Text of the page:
For even more inspiration, search for junk journal ephemera on Etsy and you’ll see a whole heap of different things to choose from.
Flip Ups, Flip Downs, Flip Outs, Everything That Flips
If you create a page that folds out or a pocket that flips open like this:
Then you’ve created some kind of “flip” for your junk journal.
You can have them flipping upwards, downwards, to the left or the right – and they add such a fun and interactive element to your journals. You can even use them to hide secret journaling spots.
A flip through is usually a video, but could also be a detailed blog post with photos, showing your journal in detail.
As most pages are different in junk journals and you would’ve added lots of beautiful ephemera to them, a flip through helps fellow junk journalers (and potential customers) to see every inch of your journal.
Flip through videos also enable you to explain why you’ve chosen certain colours or embellishments.
For inspiration, check out my junk journal flip through playlist on Youtube to see some of my videos.
Fussy Cuts / Fussy Cutting
If you’ve ever cut out an image from a book page or cut around part of a greeting card, then you’ve probably done “fussy cutting”. A “fussy cut” is just the fruits of your labour – so the pretty flower you cut out for example.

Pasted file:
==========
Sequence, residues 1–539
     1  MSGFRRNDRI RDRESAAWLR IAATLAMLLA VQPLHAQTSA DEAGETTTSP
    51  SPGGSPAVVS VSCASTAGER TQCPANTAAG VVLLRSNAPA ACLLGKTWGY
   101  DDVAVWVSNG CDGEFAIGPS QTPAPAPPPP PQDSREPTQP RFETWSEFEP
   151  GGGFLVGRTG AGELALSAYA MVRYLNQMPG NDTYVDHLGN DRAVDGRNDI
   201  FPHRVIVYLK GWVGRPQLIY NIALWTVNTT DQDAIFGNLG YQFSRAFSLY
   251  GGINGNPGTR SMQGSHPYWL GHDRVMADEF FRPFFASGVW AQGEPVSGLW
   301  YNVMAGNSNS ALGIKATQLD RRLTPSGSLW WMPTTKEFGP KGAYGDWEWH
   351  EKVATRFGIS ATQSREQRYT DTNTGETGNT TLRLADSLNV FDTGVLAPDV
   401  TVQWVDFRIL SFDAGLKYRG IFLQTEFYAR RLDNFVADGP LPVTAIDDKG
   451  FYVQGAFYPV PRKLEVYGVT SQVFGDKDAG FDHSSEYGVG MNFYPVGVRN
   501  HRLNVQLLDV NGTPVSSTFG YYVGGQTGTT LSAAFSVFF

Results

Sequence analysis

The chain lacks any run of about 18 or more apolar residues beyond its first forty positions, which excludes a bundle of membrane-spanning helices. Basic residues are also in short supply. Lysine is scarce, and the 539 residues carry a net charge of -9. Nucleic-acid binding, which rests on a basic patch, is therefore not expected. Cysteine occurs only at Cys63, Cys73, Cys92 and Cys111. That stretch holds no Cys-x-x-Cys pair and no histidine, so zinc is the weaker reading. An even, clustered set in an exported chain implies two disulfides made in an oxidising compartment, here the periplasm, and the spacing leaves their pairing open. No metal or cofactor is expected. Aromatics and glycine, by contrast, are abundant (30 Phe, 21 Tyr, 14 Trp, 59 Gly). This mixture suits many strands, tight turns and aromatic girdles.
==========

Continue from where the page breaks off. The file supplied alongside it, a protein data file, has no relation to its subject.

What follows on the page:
But for it to be considered a fussy cut, you must cut directly around the item without leaving a border. Otherwise, you’ll have done kiss cutting instead. Hopefully that’s not too confusing!
Short on time? You can buy fussy cuts and kiss cuts ready-made from various Etsy shops.
Journal cards or journaling cards are cards that you create, which can be written on. You can make them out of absolutely anything – from greeting cards and ephemera to playing cards and junk mail – and everything in between.
Journaling cards are not only pretty, but you can also move them around your journals for extra fun and interactivity.
Shown below are a couple of different types of journal cards I’ve made. The floral ones have scraps of vintage paper on the back with a torn look, while the one on the right has a flip up card attached to it that can also be journaled on:
Journaling spots are another place for you to write on, in, or under. There might be a bit of blank space on a colourful page. That’s a journaling spot. You might even “hide” a journaling spot underneath something that flips out, up or down like these little spaces I created that also double up as pockets for little tags or ephemera:
I just had to include this one! “Junk” is open to interpretation, but I see it as anything that people usually throw away.